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Welcome home: Previewing the Braves’ NIT

Bradley during a timeout against UIC at Arch Madness on March 8, 2024. Photo by Rodrigo Perez.

Bradley men’s basketball is looking for more than just hardware at the National Invitational Tournament (NIT); they’re looking for more time. 

“We want to keep playing with each other as much as we can, everybody loves each other on the team,” senior guard Duke Deen said. “So if we could just play one more time with Maly [Malevy Leons], I mean everybody’s happy.”

After their semifinal loss against Drake at Arch Madness, this iteration of the Braves will get another chance to play together as they face a familiar foe in Loyola-Chicago in the first round of the NIT. 

“I think it’s a little bit more of a, not really a team rivalry but more of a conference rivalry,” junior guard Connor Hickman said. “A big rivalry, or used to be, but I guess it still is now, and then for us to get a home game for our fans to come out and watch us one last time. That’s awesome.”

Duke Deen goes for a layup against Drake during their semifinal Arch Madness matchup on March 9, 2024. Photo by Mason Klemm.

Navigating the NIT

Bradley (22-11) starts their NIT journey against former Missouri Valley Conference member Loyola-Chicago this Wednesday at 6 p.m. The Braves are hosting their first NIT game since the 2006-07 season when they faced Providence in the opening round.

The Ramblers come into this matchup with a 23-9 overall record and a 15-3 conference record this season. With that mark, Loyola shared the Atlantic 10 regular season conference title with fellow NIT participant Richmond. 

Coming in as the two-seed at the Atlantic 10 conference tournament, the Ramblers faced St. Bonaventure, who battled through double overtime to defeat Loyola 75-74. 

In the latest edition to this once common rivalry, two teams who fell in their respective conference tournaments now get a chance to pick themselves up and keep their postseason alive. 

“Elite defensive team, they get a lot of steals, they block a lot of shots, they were in the top 30 or 50 in Kenpom,” head coach Brian Wardle said. “Defensively, offensively, they run a lot of good actions and sets with a really good point guard and Braden Norris, you know, Norris is a winner, always has been in his career.”

“They were the two seed in the Atlantic 10 for a reason. And so we got our hands full, and we’re gonna have to play really good basketball to beat [them],” Wardle added. 

Bradley holds a 37-33 advantage over the Ramblers and despite their last matchup at Carver Arena ending in a Bradley victory, Loyola delivered one final blow with a 66-50 victory over the Braves at the Arch Madness quarterfinals during the 2021-22 season.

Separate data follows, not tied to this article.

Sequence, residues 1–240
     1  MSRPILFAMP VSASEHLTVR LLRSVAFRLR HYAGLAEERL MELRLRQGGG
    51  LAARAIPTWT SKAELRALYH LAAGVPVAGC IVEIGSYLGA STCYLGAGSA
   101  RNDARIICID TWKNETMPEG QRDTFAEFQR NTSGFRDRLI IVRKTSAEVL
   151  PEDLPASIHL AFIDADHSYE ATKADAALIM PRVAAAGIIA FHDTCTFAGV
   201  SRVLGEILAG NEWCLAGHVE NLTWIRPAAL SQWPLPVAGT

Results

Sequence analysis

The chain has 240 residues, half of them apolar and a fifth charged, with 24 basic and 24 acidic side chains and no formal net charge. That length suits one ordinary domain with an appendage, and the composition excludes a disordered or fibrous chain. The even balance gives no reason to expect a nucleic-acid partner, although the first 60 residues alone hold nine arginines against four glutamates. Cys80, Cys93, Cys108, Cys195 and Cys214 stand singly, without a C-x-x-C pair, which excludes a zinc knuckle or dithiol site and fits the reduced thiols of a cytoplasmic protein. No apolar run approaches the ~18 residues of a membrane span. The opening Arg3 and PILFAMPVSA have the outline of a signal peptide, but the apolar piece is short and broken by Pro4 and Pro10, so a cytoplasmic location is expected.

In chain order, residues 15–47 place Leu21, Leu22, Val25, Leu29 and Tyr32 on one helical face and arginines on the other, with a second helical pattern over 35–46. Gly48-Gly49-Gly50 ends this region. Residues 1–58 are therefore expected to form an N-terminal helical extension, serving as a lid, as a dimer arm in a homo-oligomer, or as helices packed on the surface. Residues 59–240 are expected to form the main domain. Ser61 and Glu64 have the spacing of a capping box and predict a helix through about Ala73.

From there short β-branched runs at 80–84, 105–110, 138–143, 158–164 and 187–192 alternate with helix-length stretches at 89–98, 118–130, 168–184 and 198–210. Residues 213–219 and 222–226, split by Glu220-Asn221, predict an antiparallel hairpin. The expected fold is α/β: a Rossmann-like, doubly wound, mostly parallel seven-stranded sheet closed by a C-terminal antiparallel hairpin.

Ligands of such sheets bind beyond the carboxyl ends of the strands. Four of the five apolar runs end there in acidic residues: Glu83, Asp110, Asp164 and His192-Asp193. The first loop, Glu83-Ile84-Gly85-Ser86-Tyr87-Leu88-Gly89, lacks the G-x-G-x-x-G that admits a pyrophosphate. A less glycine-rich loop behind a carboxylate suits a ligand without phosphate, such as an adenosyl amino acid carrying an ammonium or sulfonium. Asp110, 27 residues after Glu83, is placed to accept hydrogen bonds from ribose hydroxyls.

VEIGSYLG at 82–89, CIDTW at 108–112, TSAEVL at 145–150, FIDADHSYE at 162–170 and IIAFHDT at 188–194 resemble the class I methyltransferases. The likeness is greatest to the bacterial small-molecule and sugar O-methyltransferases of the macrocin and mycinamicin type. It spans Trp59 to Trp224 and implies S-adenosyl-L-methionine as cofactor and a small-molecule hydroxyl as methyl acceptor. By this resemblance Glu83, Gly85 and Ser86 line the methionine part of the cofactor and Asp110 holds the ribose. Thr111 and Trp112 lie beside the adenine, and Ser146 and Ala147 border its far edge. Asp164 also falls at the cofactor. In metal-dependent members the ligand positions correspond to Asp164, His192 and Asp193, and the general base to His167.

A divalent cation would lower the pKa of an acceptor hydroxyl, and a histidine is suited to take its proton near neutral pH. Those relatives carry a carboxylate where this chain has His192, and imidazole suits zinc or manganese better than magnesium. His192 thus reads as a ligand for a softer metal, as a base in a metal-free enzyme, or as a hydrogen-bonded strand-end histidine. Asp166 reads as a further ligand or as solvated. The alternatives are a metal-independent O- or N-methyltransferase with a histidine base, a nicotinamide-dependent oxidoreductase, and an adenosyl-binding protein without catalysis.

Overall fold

“We were battling them especially in 2019-20 and it was a lot of fun and we had some heated games, some close games at Loyola, close games in Peoria,” Wardle said. “So we’re excited for the competition and to bring them back to Peoria because we’ve had some great games against each other.”

While their journey starts at home, if the Braves find success they could face either second seed Cincinnati (20-14) or unseeded San Francisco (23-10). Since the Bearcats have the higher seed, if they move past the Dons, they would host the second round of the NIT. 

However, if San Francisco defeats the former valley opponent, then the Braves could potentially host a second game at Carver Arena. Still, before Bradley can think of hosting a second NIT game, they have to get past their first one.

Connor Hickman scans the court against UIC at Arch Madness on March 8, 2024. Photo by Rodrigo Perez.

Past and present

The Braves have many fond NIT memories, as they have been crowned champions four times with their latest one coming back in 1982. Their 23 appearances in the tournament is the third most all-time.

Last season, Bradley took a trip up north to meet Big 10 opponent Wisconsin in the first round of the NIT after falling in the Arch Madness Championship game against Drake. However, the Braves trip was cut short as they fell 81-62 to the Badgers.

“I feel like last year we were still dealing with a lot of emotions. I mean, we lost in the championship game on Sunday, and we were back in the gym on Wednesday,” Deen said. “So it was just people were still emotional and we still felt like we should have been in the [NCAA] tournament.” 

This marks the first time the Braves have received consecutive invitations to the tournament since the 1994 and 1995 seasons. Compared to last year’s tournament, players are feeling differently heading into this one. 

“I think it’s different this year, because last year we had won the regular season, we made it to the championship game and we lost in pretty bad fashion,” Hickman said. “But I think this is a little bit different because we didn’t win any championships [this season]. I think we have a marginal edge to it.” 

With a short break from the action after their Arch Madness loss 10 days ago, the Braves used it wisely.

“You got to take some days away after a conference tournament if you have the opportunity to, and we did,” Wardle said. “And then it’s back to work and I think that’s important to do this time of year, it’s a long season, and it’s a grinding season.”

“But I feel our guys’ hearts and minds are in a good place and are excited to compete,” Wardle said.

With recent missteps now in the rear view mirror and with the Braves reloaded, Bradley will have to use what they learned at Arch Madness in order to harvest postseason success.

“I think probably starting games more under control, you know, not getting too excited for those postseason games, because those single elimination games can get you really excited. So I think just staying more calm to start the game,” Hickman said.

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